[3] Homework booklets

For two terms, I produced a homework booklet for Year 11 students. They had 50 practice questions / tasks from the various papers - I used those terrible KS3 exam papers – and students had to use the booklet. On the front cover was a table for students to tick off the work they had done. Some of the tasks were annotating a poem or writing some example sentences. They were all about thinking rather than writing. I wanted students to practise thinking in response to the questions on the exam paper. Instead of writing a piece, I’d ask students to write plan. Therefore, they were practising again and again the thought processes.

This addressed the issue of giving practice papers and them sitting at the bottom of a bag somewhere. There was nothing for a teacher to mark. They just had to quickly skim to see if the student had completed it or not. We were spelling out how to revise. But, more importantly, we were visually showing how much revision students had done. A teacher and a parent can see how much revision had and hadn’t been done.

[4] Redoing mocks  

After we had marked the mocks, we had highlighted in every class a few students who had underperformed because they hadn’t worked hard enough or they just had a bad day. As a result of this, we asked students to redo the paper at home. The teachers remarked it and (surprise, surprise) the students always did better.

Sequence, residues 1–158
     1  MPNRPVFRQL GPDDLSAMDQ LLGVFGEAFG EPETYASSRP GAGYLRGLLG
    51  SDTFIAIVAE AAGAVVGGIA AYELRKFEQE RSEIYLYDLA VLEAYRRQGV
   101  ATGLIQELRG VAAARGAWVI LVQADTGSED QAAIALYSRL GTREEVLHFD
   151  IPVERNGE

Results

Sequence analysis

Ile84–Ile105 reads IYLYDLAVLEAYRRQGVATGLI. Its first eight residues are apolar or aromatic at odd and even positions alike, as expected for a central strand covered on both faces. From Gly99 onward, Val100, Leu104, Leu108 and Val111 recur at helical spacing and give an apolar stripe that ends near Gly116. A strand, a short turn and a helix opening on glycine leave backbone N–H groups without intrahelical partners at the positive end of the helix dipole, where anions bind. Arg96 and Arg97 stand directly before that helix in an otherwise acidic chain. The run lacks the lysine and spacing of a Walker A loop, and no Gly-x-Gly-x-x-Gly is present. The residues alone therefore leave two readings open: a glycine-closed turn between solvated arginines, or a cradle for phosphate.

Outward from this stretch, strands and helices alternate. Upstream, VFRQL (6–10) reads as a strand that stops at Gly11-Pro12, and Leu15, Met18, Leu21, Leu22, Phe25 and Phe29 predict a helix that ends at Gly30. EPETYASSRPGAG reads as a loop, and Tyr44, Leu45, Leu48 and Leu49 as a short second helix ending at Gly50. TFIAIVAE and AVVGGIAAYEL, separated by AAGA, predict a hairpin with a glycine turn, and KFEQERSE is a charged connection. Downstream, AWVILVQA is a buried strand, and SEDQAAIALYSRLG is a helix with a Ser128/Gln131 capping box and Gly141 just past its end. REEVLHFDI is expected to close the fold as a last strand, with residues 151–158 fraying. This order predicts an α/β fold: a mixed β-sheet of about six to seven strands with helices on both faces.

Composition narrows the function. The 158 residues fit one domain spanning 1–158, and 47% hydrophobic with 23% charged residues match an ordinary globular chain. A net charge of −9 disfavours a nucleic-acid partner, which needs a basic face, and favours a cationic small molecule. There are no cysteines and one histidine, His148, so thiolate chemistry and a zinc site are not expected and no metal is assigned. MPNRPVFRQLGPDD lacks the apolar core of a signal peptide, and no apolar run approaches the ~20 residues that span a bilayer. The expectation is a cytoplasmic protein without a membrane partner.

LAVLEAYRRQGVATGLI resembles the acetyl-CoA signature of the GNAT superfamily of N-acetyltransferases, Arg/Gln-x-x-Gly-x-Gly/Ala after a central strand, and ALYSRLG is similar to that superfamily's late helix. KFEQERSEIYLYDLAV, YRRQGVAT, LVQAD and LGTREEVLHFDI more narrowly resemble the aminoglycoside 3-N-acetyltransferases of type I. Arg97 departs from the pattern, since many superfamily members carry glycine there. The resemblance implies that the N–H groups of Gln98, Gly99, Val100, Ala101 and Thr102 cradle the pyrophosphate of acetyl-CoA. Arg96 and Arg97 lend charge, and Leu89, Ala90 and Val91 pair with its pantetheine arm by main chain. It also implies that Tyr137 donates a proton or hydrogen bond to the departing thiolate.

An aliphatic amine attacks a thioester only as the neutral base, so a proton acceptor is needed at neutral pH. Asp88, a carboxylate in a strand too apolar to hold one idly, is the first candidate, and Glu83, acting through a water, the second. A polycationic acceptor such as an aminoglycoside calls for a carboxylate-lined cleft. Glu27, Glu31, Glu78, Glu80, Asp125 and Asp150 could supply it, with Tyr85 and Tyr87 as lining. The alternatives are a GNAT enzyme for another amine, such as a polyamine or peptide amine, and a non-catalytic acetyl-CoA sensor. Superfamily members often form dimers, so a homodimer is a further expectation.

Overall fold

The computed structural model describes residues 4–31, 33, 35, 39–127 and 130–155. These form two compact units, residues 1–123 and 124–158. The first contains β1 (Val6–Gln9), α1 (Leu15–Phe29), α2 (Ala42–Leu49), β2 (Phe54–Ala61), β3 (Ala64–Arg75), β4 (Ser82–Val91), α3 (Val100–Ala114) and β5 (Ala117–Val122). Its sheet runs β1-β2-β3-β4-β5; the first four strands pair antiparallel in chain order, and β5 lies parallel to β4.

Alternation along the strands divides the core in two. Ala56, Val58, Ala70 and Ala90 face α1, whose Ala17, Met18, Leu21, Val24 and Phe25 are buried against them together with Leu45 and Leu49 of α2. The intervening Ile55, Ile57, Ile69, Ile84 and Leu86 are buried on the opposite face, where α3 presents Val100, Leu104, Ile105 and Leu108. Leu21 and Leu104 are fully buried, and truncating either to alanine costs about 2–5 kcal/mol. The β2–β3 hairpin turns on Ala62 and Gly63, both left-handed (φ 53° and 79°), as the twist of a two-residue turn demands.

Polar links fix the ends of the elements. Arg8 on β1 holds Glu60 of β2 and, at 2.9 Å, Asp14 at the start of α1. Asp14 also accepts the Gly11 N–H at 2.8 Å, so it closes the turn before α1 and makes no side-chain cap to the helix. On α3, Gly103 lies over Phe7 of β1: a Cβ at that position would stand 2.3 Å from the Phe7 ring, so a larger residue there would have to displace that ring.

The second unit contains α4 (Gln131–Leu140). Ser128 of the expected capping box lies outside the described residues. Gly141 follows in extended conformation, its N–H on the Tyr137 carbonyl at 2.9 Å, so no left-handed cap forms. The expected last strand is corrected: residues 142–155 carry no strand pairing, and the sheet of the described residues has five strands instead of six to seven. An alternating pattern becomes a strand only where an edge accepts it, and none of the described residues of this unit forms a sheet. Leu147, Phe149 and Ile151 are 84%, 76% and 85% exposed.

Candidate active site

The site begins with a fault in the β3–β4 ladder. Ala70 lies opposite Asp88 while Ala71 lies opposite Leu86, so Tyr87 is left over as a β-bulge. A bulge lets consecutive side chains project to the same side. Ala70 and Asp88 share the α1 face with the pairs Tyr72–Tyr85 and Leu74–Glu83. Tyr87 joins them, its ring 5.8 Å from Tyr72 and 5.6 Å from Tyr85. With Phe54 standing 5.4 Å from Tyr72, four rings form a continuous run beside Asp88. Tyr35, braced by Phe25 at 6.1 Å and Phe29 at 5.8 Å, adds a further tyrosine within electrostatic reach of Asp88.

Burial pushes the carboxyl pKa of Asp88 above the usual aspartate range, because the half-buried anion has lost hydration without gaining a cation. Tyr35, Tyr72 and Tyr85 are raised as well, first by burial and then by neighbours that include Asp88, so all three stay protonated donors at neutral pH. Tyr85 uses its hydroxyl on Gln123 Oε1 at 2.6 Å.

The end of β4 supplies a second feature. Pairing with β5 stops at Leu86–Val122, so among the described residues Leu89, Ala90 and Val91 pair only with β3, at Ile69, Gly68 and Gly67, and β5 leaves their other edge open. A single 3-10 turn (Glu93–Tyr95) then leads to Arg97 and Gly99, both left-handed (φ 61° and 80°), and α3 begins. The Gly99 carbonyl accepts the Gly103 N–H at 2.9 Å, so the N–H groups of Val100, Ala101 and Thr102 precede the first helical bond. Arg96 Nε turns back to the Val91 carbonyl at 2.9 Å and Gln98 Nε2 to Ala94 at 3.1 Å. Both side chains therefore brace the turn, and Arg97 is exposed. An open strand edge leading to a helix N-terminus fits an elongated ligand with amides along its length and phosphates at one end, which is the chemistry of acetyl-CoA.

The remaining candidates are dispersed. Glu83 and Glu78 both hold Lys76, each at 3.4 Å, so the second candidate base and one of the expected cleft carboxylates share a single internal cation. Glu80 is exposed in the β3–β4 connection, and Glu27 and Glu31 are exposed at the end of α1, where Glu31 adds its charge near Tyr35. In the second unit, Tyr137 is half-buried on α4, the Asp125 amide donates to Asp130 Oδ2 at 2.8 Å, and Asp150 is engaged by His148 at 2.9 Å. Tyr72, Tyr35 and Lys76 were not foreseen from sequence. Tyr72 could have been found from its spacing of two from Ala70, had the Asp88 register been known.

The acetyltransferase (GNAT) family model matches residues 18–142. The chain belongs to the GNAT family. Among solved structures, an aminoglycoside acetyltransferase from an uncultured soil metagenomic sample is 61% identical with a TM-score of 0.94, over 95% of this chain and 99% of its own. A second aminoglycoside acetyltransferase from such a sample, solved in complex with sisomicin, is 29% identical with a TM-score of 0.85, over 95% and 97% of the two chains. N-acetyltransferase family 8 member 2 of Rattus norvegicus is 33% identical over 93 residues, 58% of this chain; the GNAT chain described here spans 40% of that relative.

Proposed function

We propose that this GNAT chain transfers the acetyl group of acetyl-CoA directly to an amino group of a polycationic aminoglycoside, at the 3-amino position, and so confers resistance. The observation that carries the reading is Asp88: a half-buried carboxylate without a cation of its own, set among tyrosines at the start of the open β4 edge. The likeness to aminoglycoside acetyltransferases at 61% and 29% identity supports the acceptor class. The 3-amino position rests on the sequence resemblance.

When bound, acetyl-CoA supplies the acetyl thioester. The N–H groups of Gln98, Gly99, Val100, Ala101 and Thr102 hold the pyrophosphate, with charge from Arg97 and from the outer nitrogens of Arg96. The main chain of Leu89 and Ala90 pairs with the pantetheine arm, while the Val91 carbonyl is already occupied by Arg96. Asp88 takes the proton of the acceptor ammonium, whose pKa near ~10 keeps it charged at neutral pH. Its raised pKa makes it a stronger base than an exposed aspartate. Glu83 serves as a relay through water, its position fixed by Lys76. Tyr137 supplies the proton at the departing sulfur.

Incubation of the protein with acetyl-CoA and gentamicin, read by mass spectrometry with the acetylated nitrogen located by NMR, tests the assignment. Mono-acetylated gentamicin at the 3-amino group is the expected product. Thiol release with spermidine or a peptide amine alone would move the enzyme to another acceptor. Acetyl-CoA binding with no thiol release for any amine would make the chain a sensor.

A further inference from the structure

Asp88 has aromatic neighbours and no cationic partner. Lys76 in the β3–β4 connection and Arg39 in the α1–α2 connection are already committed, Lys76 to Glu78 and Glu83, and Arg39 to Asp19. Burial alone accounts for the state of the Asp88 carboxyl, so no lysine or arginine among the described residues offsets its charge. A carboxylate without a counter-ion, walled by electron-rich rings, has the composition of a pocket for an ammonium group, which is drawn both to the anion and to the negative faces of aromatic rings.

I wanted this to be a genuine concern of students. If I don’t work hard enough, then I will have to redo the paper. Simple as that. I want working hard to be the easy option.

[5] Patrolling the mock exams with my invigilator spies

I ditched the walking-and-talking mocks. We teach the papers thoroughly so a walking-and-talking mocks doesn’t add much value for us, so instead I walked about the desks during the mock exams. I made notes about performance. I observed students with heads on the desks and students who looked visibly stressed and panicky.  After the exam, I spoke to the students about their behaviour.

I think every head of department should patrol mock exams, because it gives you a fantastic overview of a cohort. You see the students and all the problems. You see the students who lose steam and motivation after an hour. You see the top set students writing to the bitter end. It gives me an opportunity to praise students (a simple thumbs up) or put back on track students not working (tapping the desk).

The invigilators are now my spies. They tell me and note down how students perform in the exams. They are there to observe and monitor students. They make great spies and they love telling me about students. They are in the best place to tell us who is working hard.

[6] Extra mock for a few select students

I see no point in doing endless mocks. However, for a select number of students I put on an extra mock after school. With the parents’ support, they did another paper. One more than the rest of cohort. Mainly, I did this for bright boys who were underperforming and students with confidence issues. Students were told that if they did better on this mock, it would replace the grade on their previous mock. The whole ideas was about improving and getting better.

This was also a PR stunt. It told students they needed to do better and that there were selected because they had the potential to be better.   

Stop using the word ‘intervention’ in your school. Teaching is one long piece of intervention. There are no magic beans. The students should be working harder than the teachers. For too long the teachers have been working harder than the students. We need to address this. We need to focus more on making students work harder. We need to be the mirror that reflects the level of student’s work and effort.